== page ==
Girl with her cat (Flickr Creative Commons/Roy Montgomery)For many of us, our circle of loved ones is not limited to humans. Often, we love our cats, dogs or rabbits as intensely as we do our dearest human companions. Our beloved animals are fast friends, part of the family. When my four-year-old tallies who's in our family, her list always includes 4 girls and 2 boys. That two of the girls use the litter box rather than the potty is irrelevant.

Given pets' importance in our lives, the grief we feel when a pet dies should come as no surprise. But often it does. And while society has rituals and systems to help people cope with a human loved one's death, there may be little support when an animal friend dies. In recent months, we've come across several good articles related to pet loss and grief, and we wanted to share them.

Grieving for pets and humans: is there a difference? The New York Times posed this question recently when they highlighted a Washington Post story, The death of pet can hurt as much as the loss of a relative. The Washington Post's Joe Yonan reflects on the death of his dog and his attempts to understand why his pet's death hurt so much and was harder to cope with, harder even than the deaths of his father and sister. Like many grieving for a beloved pet, Yonan was surprised by the intensity of his feelings and felt shame that his grief for an animal was so strong.


Author Jon Katz echoes these sentiments in his book Going Home: Finding Peace When Pets Die: “I did not want to be one of those silly people who lost themselves in the lives of their dogs or cats," wrote Katz. But when his dog died, Katz's grief was strong. As he researched his book, he found he was not alone. According to The Columbus Dispatch, "Veterinarians told [Katz] they were seeing people experience ever-greater levels of mourning and emotional issues upon the loss of their pets." So why this intense grief?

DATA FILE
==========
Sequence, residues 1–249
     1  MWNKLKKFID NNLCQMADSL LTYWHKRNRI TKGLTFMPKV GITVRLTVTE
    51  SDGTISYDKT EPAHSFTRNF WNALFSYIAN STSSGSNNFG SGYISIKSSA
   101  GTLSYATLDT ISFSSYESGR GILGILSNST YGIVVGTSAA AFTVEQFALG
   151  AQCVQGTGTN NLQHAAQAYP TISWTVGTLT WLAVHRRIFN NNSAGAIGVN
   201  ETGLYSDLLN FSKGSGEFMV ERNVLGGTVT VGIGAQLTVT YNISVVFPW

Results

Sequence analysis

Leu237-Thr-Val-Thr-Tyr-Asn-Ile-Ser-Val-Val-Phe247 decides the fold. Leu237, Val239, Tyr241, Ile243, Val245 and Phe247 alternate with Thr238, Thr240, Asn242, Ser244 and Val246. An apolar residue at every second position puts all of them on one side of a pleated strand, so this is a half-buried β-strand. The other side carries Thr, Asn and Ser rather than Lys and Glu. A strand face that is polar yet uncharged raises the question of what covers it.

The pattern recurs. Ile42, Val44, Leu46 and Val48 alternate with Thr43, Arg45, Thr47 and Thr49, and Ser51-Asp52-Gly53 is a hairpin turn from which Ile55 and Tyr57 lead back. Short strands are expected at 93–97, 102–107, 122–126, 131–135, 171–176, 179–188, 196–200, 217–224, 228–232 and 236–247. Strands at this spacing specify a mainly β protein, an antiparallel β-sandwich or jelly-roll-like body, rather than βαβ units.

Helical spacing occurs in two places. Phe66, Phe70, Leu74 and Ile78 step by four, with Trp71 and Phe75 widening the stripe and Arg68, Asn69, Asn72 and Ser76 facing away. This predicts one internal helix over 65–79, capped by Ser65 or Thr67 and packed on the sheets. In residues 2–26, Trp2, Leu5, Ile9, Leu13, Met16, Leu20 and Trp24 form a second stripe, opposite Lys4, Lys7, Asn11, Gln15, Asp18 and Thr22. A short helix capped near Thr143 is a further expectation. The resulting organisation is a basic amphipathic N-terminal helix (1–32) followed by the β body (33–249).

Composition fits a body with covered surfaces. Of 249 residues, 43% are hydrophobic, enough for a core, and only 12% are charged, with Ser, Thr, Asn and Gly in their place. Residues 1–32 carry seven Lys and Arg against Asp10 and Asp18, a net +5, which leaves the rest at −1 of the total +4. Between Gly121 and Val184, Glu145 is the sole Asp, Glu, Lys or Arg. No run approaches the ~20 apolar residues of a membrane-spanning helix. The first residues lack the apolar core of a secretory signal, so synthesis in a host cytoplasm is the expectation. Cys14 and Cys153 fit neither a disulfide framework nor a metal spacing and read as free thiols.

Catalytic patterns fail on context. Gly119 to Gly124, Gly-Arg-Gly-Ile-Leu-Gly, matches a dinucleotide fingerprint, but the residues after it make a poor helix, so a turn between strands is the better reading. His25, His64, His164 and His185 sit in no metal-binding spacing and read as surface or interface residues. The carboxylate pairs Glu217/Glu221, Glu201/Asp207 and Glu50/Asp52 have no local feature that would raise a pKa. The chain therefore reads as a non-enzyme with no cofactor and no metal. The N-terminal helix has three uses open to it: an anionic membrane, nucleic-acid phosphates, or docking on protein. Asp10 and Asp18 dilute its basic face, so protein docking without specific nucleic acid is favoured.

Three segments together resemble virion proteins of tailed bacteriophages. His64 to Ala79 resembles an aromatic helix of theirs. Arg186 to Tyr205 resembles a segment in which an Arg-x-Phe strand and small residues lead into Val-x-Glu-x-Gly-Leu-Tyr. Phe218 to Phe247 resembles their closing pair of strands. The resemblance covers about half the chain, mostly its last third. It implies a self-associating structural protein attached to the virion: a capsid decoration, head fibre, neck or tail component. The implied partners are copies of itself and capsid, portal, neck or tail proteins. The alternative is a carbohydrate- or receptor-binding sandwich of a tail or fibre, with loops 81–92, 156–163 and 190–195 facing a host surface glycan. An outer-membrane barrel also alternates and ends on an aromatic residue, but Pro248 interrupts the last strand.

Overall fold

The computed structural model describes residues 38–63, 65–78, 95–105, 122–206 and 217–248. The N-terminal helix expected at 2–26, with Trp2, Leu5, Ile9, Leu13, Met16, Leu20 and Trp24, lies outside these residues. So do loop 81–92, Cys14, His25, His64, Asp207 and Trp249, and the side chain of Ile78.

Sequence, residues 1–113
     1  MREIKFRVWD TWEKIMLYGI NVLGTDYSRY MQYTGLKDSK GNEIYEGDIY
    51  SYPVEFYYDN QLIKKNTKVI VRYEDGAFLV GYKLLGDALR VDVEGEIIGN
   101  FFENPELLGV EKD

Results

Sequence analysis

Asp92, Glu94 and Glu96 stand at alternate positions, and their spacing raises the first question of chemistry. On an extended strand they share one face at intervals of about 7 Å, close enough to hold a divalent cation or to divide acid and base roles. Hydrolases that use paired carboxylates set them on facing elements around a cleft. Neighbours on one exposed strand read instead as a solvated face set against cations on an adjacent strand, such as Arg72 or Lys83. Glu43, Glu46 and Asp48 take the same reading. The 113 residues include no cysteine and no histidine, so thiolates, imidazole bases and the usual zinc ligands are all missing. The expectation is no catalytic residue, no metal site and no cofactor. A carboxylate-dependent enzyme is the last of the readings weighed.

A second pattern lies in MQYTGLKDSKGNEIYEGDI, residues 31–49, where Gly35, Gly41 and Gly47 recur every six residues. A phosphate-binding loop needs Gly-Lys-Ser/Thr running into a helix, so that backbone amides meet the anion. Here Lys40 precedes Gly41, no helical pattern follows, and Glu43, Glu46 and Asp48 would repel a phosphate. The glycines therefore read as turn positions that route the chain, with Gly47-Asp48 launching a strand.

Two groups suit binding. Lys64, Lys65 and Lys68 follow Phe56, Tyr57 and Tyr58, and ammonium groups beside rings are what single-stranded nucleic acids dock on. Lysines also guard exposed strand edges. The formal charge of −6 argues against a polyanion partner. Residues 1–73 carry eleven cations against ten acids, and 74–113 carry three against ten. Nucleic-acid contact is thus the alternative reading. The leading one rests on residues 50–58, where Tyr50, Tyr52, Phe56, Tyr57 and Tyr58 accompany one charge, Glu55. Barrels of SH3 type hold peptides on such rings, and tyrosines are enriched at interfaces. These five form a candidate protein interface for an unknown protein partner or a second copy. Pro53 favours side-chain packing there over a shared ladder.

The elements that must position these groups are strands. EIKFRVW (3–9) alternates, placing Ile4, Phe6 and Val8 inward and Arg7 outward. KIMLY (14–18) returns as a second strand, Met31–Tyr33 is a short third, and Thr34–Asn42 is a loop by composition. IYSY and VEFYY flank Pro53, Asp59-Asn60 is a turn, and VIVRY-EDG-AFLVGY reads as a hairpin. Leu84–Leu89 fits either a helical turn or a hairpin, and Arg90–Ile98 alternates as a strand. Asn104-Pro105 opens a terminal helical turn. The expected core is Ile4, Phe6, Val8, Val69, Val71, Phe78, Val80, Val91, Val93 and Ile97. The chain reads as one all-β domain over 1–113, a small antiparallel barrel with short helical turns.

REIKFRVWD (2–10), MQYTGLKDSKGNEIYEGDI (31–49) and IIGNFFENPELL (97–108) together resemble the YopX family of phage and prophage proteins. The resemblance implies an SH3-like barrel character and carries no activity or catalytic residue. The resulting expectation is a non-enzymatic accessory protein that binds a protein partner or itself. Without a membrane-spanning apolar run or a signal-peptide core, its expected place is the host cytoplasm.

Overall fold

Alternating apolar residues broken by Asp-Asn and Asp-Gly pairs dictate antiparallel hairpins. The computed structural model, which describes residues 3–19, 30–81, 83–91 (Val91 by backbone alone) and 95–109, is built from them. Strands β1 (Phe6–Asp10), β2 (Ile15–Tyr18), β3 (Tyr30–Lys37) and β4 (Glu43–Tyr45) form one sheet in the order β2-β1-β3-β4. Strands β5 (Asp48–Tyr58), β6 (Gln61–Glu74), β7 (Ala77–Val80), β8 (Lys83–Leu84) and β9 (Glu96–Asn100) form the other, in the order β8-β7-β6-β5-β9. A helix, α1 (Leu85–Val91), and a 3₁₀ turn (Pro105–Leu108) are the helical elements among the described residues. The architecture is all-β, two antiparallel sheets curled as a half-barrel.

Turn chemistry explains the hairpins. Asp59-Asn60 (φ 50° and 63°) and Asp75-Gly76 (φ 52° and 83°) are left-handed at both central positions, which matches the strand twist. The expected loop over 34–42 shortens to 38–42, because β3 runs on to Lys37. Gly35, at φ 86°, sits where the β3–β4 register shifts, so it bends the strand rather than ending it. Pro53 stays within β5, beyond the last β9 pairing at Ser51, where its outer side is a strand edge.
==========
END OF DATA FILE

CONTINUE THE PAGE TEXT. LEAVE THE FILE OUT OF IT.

"[W]hen they realize that the difference is the pet gave them constant companionship, and there was total dependency, then they start to realize that’s why they’re grieving so intensely,” says Sandra Barker, the director of the Center for Human-Animal Interaction at Virginia Commonwealth University. Yonan agrees:

I spent so much time taking care of Red, and Gromit before him, that when each one died it didn’t merely leave a hole in my single-person household; it was as if someone had rearranged my life, excising without my permission many of the rituals that had governed it.


Joe Yonan and his dog, Red, who died after being diagnosed with pneumonia (Rebekah Yonan via Washington Post)



Many Washington Post readers shared their thoughts about the pain of losing a pet.

There’s only been one other time in my life when I’ve cried as deeply and as much as when my dog died . . . and ever since then, I haven’t been able to have another.


I’ve lost my parents, my husband, my only sibling, but the loss of pets remains in a way only other pet lovers can understand.


I’ve met few people who truly understand the complex emotional attachment we have to our dogs, or the depth of grief over their loss.


If people who do not care to have pet companions can understand that a person who loves an animal enough to deeply mourn its passing does not threaten the bereaved’s ability to also regret the passing of a human life, then we can all be more compassionate.


So what can you do when a beloved pet dies? How can you cope? Times Colonist contributor Adrian Chamberlain approaches the subject with levity in Grieving for a pet may involve fudge brownies. Though his take is tongue-in-cheek, he does offer a few good suggestions, culled from pamphlets provided by the Pet Loss Care Memorial Centre in Victoria, British Columbia. Recommendations include "eat something" (ah, comfort food) and "cuddle something furry" (like a stuffed animal). "Cry" and "take the day off work" are also sound suggestions.


As with any loss, remember to take care of yourself. And give yourself permission to grieve. If your live-in companion of 15 years dies, you are bound to feel enormous grief. That she used the litter box rather than the potty is irrelevant.



Images: Girl with cat (Flickr Creative Commons/Roy Montgomery), Joe Yonan with dog Red (Rebekah Yonan via Washington Post)

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